Declining rainfall in parts of Australia, but still plenty of water available: BOM report

image-20151214-32644-509i07

The Millennium Drought ended more than five years ago, but several years of below-average rainfall and El Niño have brought drought back to many parts of Australia. Our latest report on water in Australia shows rainfall is continuing to decline in eastern Australia and increase in the north.

However in urban areas, where water use has not changed significantly since the Millennium Drought, more water is available for use thanks to technologies such as desalination and recycling.

In a recent article on The Conversation, the Bureau of Meteorology put the case that Australia can now better manage water resources using new water information capability.

Last week the Bureau released a new assessment report on our national water availability and use. Water in Australia 2013–14 examines climatic conditions and the physical hydrology to create the most recent national assessment of Australia’s water resources.

The main findings are outlined below.

Water resources

Since 1950, rainfall has increased in Australia’s north and northwest, but declined along the west coast and most of eastern Australia. This pattern was reflected in 2013–14.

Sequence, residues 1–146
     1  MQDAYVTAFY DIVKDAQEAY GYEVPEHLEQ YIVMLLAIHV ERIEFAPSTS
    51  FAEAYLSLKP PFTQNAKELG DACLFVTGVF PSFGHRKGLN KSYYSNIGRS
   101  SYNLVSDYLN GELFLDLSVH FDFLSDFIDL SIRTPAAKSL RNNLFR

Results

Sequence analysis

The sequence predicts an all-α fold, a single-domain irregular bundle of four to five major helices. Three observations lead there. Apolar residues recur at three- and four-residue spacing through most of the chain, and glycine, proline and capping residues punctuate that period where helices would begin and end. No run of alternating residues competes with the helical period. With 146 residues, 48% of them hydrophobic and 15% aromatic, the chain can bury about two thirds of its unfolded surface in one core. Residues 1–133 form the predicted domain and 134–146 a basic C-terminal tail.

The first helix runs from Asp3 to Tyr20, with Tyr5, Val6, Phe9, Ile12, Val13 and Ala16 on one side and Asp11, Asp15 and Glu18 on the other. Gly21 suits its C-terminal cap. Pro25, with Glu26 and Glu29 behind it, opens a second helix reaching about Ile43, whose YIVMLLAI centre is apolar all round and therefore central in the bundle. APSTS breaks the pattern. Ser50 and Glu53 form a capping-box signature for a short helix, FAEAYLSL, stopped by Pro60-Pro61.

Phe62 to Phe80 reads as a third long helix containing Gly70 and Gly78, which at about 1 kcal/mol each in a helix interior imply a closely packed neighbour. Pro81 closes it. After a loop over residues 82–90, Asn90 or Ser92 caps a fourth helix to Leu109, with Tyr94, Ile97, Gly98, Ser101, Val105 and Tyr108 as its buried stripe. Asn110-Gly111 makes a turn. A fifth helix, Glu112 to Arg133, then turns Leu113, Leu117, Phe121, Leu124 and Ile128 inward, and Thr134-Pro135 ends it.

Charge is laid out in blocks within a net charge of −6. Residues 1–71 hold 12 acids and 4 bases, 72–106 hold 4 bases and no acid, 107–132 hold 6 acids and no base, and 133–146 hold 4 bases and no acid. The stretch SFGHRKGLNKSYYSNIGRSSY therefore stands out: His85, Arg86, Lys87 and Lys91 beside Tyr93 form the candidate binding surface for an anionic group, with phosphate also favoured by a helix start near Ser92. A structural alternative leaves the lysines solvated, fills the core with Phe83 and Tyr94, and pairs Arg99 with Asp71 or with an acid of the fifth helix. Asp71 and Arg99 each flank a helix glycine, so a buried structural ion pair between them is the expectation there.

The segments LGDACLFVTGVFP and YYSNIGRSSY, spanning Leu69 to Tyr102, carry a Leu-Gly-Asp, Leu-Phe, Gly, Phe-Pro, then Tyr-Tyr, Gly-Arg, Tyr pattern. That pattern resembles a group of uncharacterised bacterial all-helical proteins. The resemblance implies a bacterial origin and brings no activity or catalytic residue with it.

Rainfall affects streamflow and groundwater replenishment, which in turn affects our available water resources.

In southern Queensland and northern New South Wales, a severe drought, which started in 2012, continued in 2013–14. As expected, streamflow in these areas was very much below average in drought-impacted areas.

 

Annual rainfall, runoff and streamflow conditions, 2013–14 Australian Bureau of Meteorology.

The volume of groundwater stored in aquifers is very large compared with surface water and responds more slowly to external influences. As a result, most bores across the country had average groundwater levels in 2013–14.

In South Australia and Queensland, more than one-third of all bores had an above-average level. Below-average groundwater levels were present in 5–20% of bores in each State and Territory.

Water availability

Australia has extensive water supplies and their use is managed by various institutional arrangements. Water availability is being increased by using recycled and desalinated water. At the same time, greater protection is being afforded to the environment through the purchase of entitlements from water users and investments in water-saving infrastructure.

Water availability Gigalitres
Groundwater entitlements 7 000
Marine desalinisation plant capacity 630*
Recycling plant capacity 940
Storages at 30 June 2014 (63% of capacity) 51 600
Surface water entitlements 23 000
*Plants with a capacity greater than 50 ML/year only. NB: Overlap between categories means that these amounts cannot be added together for a total figure.

Original article posted on The Conversation, 16 December 2015 (Link)

Leave a Reply

Your email address will not be published. Required fields are marked *